Over 28 years, LCCE has commissioned and performed new works, supported Bay Area composers and musicians, and presented premieres on every concert, thoughtfully paired with beloved classics. And although the pandemic lockdown has again interfered with the timing, the ensemble is still promising a virtual season in 2021 that lives up to its reputation.
One of the big programs in 2021 promises to be “Long Distance Call,” with world-premiere works by Laura Rose Schwartz and Ryan Suleiman that explore long-distance conversations between a piano trio (flute/piccolo, cello, piano) and a distanced soprano. The concert — originally scheduled for January, now postponed to May — includes a piece from George Lewis for flute and electronics and a classic trio for flute, cello, and piano by Louise Farrenc.
For this and the season’s other concerts, the ensemble is determined to continue its mission, in the words of LCCE Managing Director Susan Thieme:
As we approach the beginning of 2021, Left Coast Chamber Ensemble will continue streaming virtual concerts for as long as needed. Our audience’s safety is a top priority. We are committed to offering our concerts for free during times of so much uncertainty and will continue to do so until we are through this pandemic.
Even though fundraising today looks different than in the past, we’ve been overwhelmed by the generosity and ongoing interest from the Bay Area music community in what we do. We are grateful to stay in touch with our audience virtually, and it’s wonderful and exciting to meet new patrons from San Francisco and around the country.”
The two new works on the “Long Distance” program both use the call-and-response model: In Schwartz’s Parse, the composer explores her personal experience and feelings after a long-term breakup. “Parse is not a breakup description piece. It does not tell the story of that relationship. It does tell my story,” says Schwartz. The three texts of Parse are sung and spoken by Nikki Einfeld. The instrumental ensemble, made up of Leighton Fong (cello), Stacey Pelinka (flute), and guest pianist Allegra Chapman, acts as a mirror to the story text.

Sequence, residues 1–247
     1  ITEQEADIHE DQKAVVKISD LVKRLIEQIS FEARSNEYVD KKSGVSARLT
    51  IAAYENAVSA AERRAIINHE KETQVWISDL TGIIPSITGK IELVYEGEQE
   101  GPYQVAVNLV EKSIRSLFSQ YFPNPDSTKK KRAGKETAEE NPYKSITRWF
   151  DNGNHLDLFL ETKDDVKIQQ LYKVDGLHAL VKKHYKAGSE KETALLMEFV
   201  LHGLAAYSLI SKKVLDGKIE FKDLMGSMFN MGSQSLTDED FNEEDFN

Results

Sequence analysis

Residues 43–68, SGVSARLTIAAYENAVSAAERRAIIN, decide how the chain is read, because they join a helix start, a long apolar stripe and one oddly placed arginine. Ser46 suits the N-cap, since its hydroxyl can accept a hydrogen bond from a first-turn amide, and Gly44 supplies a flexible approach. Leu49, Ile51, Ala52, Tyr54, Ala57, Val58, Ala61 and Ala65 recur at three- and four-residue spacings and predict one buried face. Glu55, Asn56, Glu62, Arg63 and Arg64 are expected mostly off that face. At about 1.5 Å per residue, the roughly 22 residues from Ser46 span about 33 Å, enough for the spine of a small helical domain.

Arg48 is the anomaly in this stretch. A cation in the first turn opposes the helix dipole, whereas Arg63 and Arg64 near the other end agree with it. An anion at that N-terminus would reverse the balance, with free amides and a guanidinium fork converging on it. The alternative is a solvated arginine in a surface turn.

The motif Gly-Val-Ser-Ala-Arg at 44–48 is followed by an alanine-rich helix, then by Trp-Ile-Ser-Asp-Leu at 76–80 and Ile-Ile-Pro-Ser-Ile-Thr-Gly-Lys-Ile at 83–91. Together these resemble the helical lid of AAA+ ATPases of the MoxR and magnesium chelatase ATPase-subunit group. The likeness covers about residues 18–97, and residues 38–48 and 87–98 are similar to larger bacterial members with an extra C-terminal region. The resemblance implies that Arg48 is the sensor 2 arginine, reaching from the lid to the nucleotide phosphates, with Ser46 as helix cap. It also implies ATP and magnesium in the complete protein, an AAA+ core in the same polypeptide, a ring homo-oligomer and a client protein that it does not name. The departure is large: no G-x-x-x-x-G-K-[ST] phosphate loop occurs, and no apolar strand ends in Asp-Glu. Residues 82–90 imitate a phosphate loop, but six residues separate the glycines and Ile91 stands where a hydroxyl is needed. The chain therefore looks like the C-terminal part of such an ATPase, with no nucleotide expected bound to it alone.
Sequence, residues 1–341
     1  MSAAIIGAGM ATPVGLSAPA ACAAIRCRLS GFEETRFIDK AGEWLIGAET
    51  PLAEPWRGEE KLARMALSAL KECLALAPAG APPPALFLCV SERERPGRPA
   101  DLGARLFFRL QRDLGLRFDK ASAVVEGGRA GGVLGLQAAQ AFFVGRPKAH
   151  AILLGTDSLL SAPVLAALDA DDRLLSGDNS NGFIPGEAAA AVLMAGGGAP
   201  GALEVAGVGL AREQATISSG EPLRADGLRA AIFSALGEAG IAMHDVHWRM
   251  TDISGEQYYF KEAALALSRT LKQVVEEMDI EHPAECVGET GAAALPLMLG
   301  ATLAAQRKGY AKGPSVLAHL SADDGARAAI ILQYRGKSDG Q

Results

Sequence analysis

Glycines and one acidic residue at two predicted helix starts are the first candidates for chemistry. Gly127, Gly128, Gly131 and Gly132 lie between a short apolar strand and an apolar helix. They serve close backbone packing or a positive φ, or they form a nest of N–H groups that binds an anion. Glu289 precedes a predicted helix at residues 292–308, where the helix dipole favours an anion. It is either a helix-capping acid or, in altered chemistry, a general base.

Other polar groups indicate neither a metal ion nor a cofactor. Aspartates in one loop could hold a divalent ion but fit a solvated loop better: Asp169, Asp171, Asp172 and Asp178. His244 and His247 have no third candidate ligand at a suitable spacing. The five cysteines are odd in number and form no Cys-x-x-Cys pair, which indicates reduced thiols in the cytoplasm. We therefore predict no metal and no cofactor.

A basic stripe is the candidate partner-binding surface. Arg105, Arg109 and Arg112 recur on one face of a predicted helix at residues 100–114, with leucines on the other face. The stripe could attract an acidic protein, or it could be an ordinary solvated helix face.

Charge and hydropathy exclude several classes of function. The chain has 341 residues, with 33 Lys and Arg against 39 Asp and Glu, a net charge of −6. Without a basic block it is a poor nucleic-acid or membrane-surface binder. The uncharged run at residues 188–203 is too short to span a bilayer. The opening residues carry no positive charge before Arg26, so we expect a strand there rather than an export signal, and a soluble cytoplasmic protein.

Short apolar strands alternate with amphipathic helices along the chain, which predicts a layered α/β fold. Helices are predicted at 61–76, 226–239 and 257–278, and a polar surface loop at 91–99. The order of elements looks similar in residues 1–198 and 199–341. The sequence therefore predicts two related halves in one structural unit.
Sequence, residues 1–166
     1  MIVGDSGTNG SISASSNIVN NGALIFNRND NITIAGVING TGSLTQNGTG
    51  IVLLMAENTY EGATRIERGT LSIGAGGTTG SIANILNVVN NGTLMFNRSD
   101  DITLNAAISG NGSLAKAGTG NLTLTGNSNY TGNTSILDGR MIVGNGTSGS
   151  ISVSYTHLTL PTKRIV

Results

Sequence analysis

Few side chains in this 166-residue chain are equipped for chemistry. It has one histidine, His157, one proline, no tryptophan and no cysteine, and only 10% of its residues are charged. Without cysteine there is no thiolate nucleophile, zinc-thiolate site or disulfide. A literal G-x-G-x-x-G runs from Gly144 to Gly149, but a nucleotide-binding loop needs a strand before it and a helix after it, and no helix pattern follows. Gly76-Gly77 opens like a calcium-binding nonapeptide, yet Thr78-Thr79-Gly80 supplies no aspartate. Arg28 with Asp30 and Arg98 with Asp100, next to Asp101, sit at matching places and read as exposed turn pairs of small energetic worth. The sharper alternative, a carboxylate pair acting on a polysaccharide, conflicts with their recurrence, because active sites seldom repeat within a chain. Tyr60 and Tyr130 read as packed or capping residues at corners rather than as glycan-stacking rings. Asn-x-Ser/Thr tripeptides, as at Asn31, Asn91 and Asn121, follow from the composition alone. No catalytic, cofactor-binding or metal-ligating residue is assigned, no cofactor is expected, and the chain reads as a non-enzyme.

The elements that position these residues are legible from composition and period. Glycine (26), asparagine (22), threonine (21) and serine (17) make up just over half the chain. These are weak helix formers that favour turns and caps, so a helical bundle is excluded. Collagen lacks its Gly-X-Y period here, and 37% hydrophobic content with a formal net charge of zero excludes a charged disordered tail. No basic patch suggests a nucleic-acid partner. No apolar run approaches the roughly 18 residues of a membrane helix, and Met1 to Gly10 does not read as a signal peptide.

Suleiman, a three-time finalist in the ASCAP Young Composer Awards and two-time winner of the FeNAM Student Composers Competition, also draws from his personal experience and feelings for his new composition inspired by Gibran Khalil Gibran’s poem The Robin. “Gibran’s poem for me in 2020 represents a yearning for peace while in a state of isolation and anxiety,” Suleiman says. “This feeling is also reflected in the singer’s situation.”
The piece is created with social distancing measures in mind, written in such a way that the singer is both physically and musically isolated from the instrumentalists. She sings and must wait for a reaction. “During the pandemic we want to gather together, but can’t,” added Suleiman. “In Gibran’s Robin we find beauty, peace, and tranquility. The robin lives gracefully and in the moment. Imagining this robin as I composed has been a kind of balm. I hope it is for the listeners too.”
Left Coast’s virtual season, which had three concerts this year, continues on March 22 (with the promise of an added live concert the day before “if safe to gather”) to present Derek Bermel’s Soul Garden, Nina Shekhar’s new work for two cellos, and Richard Strauss’s Metamorphosen for string septet.
On April 21, Tonia Ko’s commissioned work for viola and electronics will be performed by Left Coasts member Kurt Rohde, for whom it’s written as part of his years-long “farewell tour.” The concert will be presented at 5 p.m. at the Graduate Theological Union in Berkeley.
Ko describes her work, commissioned by the Fromm Foundation at Harvard University, as being “based on the intense protests in Hong Kong, which I experienced when I was home with my family in the summer 2019. I constantly saw footage of a sea of umbrellas out on the streets. For some reason, umbrellas are a big part of life there; my dad even made a movie in the 1990s about a famous umbrella-making business that’s been around for over a century.